From Ten Thousandthings
In a Dec. 17 press conference, Ambassador Kennedy first briefly mentions Okinawa at the 10m40s mark. She then talks about Okinawa again at the 23m45s mark. Around the 23m40s mark she talks about the next few years being critical and how moving Futenma is the “best plan” and “the plan we should implement as fast as possible.” At 23m48s she says, “…once we are able to move MCAS Futenma out of Naha…”
Analysts have differing perspectives on Ms. Kennedy’s referencing Futenma training base in Naha, instead of Ginowan City, its actual location. Some wonder if she intentionally made the error to go off script & undermine the credibility of her statement endorsing the US-Jp govt. plan to landfill Henoko’s dugong and coral reef ecosystem & build a concrete-block offshore V-22 Osprey training airstrip.
Others speculate that she has no knowledge of Okinawan issues and is simply acquiescing to being used as a “Kennedy” mouthpiece for the US & Jp govt landfill plan. She does not speak Japanese, has not visited Henoko, despite public invitations & appeals, notably by Henoko children and American marine biologist Katherine Musik.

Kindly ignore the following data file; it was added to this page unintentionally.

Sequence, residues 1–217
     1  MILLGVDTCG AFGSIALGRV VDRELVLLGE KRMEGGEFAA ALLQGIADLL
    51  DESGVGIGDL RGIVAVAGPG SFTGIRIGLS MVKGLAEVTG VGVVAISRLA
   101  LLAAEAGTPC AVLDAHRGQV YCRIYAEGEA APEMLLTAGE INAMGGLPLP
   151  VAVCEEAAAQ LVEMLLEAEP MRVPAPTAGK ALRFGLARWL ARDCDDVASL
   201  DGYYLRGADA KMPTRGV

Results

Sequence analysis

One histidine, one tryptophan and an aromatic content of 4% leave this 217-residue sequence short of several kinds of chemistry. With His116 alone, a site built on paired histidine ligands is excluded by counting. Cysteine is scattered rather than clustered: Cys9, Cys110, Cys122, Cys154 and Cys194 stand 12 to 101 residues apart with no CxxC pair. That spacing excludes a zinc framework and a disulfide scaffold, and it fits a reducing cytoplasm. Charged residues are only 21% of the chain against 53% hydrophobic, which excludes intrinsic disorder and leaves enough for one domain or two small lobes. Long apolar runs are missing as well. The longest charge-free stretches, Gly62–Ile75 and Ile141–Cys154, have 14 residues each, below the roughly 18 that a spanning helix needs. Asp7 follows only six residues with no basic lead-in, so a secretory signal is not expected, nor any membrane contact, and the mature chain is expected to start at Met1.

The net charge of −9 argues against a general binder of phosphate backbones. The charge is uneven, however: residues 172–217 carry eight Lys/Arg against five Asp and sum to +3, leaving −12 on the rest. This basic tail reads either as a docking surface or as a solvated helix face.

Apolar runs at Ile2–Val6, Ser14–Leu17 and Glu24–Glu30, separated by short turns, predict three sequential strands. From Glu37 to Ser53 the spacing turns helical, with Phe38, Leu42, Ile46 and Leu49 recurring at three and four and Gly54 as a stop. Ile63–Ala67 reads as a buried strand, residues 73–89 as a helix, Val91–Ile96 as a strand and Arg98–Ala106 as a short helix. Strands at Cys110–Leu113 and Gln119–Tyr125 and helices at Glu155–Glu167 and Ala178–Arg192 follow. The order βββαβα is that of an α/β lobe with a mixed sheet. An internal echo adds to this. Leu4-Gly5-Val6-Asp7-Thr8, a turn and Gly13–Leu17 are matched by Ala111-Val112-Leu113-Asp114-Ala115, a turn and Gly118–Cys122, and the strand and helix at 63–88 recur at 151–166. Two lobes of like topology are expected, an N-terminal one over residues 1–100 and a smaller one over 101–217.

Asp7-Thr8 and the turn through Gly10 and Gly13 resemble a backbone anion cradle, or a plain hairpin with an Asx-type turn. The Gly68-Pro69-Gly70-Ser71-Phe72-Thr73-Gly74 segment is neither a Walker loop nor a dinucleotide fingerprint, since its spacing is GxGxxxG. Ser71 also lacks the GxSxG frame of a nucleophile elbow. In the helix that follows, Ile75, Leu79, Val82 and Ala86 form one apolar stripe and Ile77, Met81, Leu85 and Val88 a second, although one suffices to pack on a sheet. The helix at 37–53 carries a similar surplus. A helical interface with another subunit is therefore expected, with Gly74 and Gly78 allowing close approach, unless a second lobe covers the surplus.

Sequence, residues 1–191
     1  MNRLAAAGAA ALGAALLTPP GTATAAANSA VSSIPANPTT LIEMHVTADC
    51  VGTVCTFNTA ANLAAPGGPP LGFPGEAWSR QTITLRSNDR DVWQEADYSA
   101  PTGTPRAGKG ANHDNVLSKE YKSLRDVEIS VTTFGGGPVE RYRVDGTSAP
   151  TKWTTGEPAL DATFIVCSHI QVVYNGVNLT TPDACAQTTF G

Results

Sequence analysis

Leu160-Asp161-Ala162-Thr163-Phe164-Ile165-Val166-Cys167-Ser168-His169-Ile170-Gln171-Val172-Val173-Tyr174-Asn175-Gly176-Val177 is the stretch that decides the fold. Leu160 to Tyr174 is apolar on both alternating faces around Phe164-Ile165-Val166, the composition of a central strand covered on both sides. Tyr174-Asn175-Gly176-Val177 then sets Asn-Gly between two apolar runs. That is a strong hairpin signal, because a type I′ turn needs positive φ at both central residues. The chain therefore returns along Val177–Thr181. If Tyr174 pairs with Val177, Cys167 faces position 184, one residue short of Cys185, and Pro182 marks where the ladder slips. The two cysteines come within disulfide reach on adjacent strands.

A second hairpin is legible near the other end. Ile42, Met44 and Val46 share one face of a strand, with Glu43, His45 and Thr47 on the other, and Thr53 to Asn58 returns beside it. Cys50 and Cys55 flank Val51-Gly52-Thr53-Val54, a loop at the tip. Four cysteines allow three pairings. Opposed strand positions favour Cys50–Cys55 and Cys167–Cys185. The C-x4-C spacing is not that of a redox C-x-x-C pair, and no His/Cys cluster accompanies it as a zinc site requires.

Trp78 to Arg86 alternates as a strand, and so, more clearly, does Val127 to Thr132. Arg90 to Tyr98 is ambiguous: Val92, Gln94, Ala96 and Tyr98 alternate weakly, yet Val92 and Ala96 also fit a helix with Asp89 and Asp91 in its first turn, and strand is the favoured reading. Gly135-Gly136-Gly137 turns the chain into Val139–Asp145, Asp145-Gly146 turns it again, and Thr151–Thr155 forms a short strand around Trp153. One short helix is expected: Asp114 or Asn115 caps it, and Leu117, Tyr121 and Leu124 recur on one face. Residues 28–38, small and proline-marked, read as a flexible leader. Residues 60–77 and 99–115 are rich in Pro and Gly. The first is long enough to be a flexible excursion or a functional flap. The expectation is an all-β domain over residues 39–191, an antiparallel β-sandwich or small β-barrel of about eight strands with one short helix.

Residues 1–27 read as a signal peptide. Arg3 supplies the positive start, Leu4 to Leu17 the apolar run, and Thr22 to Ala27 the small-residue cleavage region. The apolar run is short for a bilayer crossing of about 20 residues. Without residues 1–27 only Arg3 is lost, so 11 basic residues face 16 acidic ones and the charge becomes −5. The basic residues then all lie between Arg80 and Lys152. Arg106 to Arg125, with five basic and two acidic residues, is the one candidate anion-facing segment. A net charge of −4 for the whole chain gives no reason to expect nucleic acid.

Ms. Kennedy’s father, President John F. Kennedy, appeared to have a change-of-heart regarding US militarism and interference in democratic process in foreign countries, especially in the months before he was killed in 1963. He called for an end to the Cold War, invoked visionary, pro-peace, anti-militarist, and anti-imperialist language. Okinawan & Japanese citizens hoped that Ms. Kennedy would follow her father’s legacy, but her tenure has proved disappointing to those who hope she would fulfill the Kennedy legacy.
Many also feel similar disappointment that Ms. Kennedy is not following the legacy of her mother, Jacqueline Kennedy Onassis, who was renowned for being a voice for cultural heritage preservation. Supporters of Okinawa hoped Ms. Kennedy would advocate for the protection of the Okinawa dugong, a natural cultural monument, one of the few examples of Okinawan cultural heritage not destroyed by the US-Japan war and US seizures & destruction of entire villages to build bases in Okinawa from 1945 to 1972.
Still, many Americans, who are inspired by President Kennedy’s turnaround in the last year of his life, haven’t given up hope that his daughter will similarly speak and act for human rights, democracy, and peace for Okinawa & Japan.
Ms. Kennedy has had numerous opportunities to distance herself from the US-Jp govt landfill plan, which is opposed by the Okinawan prefectural government & people, but she has yet to exercise her diplomatic skills to attempt to work out a mutually agreeable solution that would preserve Okinawa’s most important cultural heritage site. Preserving Henoko is the only way to salvage what is left of the tattered US-Okinawan-Jp relationship.
Still, many who are inspired by President Kennedy’s turnaround in the last years of his life, haven’t given up hope that his daughter will similarly speak and act for human rights, democracy, peace, & cultural heritage preservation.
Opinions expressed here are those of the author and not necessarily TokyoProgressive